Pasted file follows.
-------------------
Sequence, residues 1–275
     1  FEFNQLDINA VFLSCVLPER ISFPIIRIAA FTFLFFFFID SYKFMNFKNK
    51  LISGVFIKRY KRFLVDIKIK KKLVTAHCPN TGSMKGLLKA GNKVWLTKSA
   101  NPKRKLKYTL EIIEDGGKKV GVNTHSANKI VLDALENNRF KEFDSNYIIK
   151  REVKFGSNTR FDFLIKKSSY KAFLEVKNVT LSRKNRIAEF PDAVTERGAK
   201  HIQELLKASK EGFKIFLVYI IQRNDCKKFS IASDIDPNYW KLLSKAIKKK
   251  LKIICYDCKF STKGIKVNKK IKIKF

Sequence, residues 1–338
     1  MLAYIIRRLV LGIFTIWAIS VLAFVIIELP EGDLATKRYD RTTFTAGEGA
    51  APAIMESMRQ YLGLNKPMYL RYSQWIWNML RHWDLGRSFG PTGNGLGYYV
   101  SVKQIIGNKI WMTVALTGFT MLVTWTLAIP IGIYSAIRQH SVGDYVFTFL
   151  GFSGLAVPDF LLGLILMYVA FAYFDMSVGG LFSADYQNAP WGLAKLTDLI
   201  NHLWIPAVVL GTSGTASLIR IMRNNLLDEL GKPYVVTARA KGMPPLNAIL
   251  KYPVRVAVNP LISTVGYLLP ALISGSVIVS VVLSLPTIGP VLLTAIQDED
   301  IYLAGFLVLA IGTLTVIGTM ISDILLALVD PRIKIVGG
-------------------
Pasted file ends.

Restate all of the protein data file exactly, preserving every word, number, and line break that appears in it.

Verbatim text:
Sequence, residues 1–275
     1  FEFNQLDINA VFLSCVLPER ISFPIIRIAA FTFLFFFFID SYKFMNFKNK
    51  LISGVFIKRY KRFLVDIKIK KKLVTAHCPN TGSMKGLLKA GNKVWLTKSA
   101  NPKRKLKYTL EIIEDGGKKV GVNTHSANKI VLDALENNRF KEFDSNYIIK
   151  REVKFGSNTR FDFLIKKSSY KAFLEVKNVT LSRKNRIAEF PDAVTERGAK
   201  HIQELLKASK EGFKIFLVYI IQRNDCKKFS IASDIDPNYW KLLSKAIKKK
   251  LKIICYDCKF STKGIKVNKK IKIKF

Sequence, residues 1–338
     1  MLAYIIRRLV LGIFTIWAIS VLAFVIIELP EGDLATKRYD RTTFTAGEGA
    51  APAIMESMRQ YLGLNKPMYL RYSQWIWNML RHWDLGRSFG PTGNGLGYYV
   101  SVKQIIGNKI WMTVALTGFT MLVTWTLAIP IGIYSAIRQH SVGDYVFTFL
   151  GFSGLAVPDF LLGLILMYVA FAYFDMSVGG LFSADYQNAP WGLAKLTDLI
   201  NHLWIPAVVL GTSGTASLIR IMRNNLLDEL GKPYVVTARA KGMPPLNAIL
   251  KYPVRVAVNP LISTVGYLLP ALISGSVIVS VVLSLPTIGP VLLTAIQDED
   301  IYLAGFLVLA IGTLTVIGTM ISDILLALVD PRIKIVGG